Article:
College football is a marathon. The weekly grind wears on even the stoutest hearts, and the bumps and bruises often won’t be fully healed before the next game. Nagging injuries fall under the same category but are an order of magnitude worse. They sap performance and take away snaps in both practice and games. Alabama running back TJ Yeldon has been battling injuries since early in the season but appears to be back at full strength heading into Thursday’s Sugar Bowl.
Yeldon’s ankle has been the primary concern of many people surrounding the Crimson Tide program. He missed stretches of games thanks to the injury. The sophomore from Daphne, Ala., felt that the trouble with his ankle affected his explosiveness the most. Even when he was in the game, there were points where the injury was obvious. Planting his foot in the ground and erupting through a crease was a painful experience.
Naturally, that troublesome ankle has virtually had its own podium during the days before the Sugar Bowl. On Monday, Yeldon said, “It (the ankle) feels good. I’ve been rehabbing it a bit. I just got back to practice last week, and I’m still getting used to it.” He added in another response that he will be ready for the game.
In interviews since his first media availability, TJ Yeldon has consistently reaffirmed that his ankle, as well as other injuries, has been helped immensely by the break between the SEC Championship Game and the Sugar Bowl. He also received a vote of confidence from Nick Saban when Saban said, “He’s been able to practice each and every day we’ve been here, and he’s looked better and better each day. It will probably be a gametime decision, but we’re very hopeful that he’ll be able to make a contribution in this game.”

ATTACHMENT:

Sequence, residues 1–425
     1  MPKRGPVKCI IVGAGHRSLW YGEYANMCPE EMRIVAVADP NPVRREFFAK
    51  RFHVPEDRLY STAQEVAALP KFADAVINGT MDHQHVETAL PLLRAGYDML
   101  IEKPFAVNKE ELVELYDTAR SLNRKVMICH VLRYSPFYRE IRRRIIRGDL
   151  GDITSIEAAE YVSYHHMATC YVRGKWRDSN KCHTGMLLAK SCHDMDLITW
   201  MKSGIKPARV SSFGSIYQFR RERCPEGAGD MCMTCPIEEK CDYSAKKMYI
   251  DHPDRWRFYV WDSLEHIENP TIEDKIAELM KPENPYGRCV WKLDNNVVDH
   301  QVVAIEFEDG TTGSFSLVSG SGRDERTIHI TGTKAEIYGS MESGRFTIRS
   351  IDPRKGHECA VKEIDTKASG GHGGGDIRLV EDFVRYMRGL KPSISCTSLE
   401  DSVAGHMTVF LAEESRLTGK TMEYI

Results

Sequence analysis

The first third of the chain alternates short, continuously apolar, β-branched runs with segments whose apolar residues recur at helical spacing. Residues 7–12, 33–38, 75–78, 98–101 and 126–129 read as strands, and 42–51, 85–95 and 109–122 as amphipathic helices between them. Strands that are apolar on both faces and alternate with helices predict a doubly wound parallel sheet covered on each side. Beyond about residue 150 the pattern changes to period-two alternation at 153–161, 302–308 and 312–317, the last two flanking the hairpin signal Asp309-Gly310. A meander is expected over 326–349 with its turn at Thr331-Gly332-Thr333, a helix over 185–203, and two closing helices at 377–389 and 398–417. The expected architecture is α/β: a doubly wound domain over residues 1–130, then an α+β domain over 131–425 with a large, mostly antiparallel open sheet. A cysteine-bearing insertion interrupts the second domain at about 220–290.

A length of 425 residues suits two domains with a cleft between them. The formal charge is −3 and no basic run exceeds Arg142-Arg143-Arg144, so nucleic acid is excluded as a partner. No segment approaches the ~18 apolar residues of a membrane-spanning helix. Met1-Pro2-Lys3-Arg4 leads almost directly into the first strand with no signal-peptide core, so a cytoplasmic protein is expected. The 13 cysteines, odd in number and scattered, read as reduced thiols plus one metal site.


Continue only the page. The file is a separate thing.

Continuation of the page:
What does a healthy TJ Yeldon mean? TJ’s running style is a patient slasher. He will wait for a hole to open up, almost to his detriment, and then go for it as hard as possible. Yeldon admitted that the part of his game that has grown the most in 2014 is his ability to read and set up blocks. The ankle being fully healed will let him get to the hole and slash through for a bigger gain, as opposed to being a crucial half step slow. In many cases, the difference between a big gain and a tackle for loss can be boiled down to a half step.
Yeldon’s availability only helps his fellow running backs. CBS commentator Spencer Tillman called Derrick Henry “Mr. Sandman” after icing both the Iron Bowl and SEC Championship with punishing fourth quarter runs. Henry was able to do that because Yeldon, among others, wore down the opposing defense. The tired defenders either couldn’t close off Henry’s hole, or couldn’t bring down the runaway freight train that is Henry with a head of steam. A healthy Yeldon only exacerbates this tendency that has coalesced over the past few games.
A healthy TJ Yeldon promises to be a terror for Ohio State in the Sugar Bowl. For the first time since the beginning of the season, the former five-star will be almost completely healthy and ready to roll down the field in the Superdome.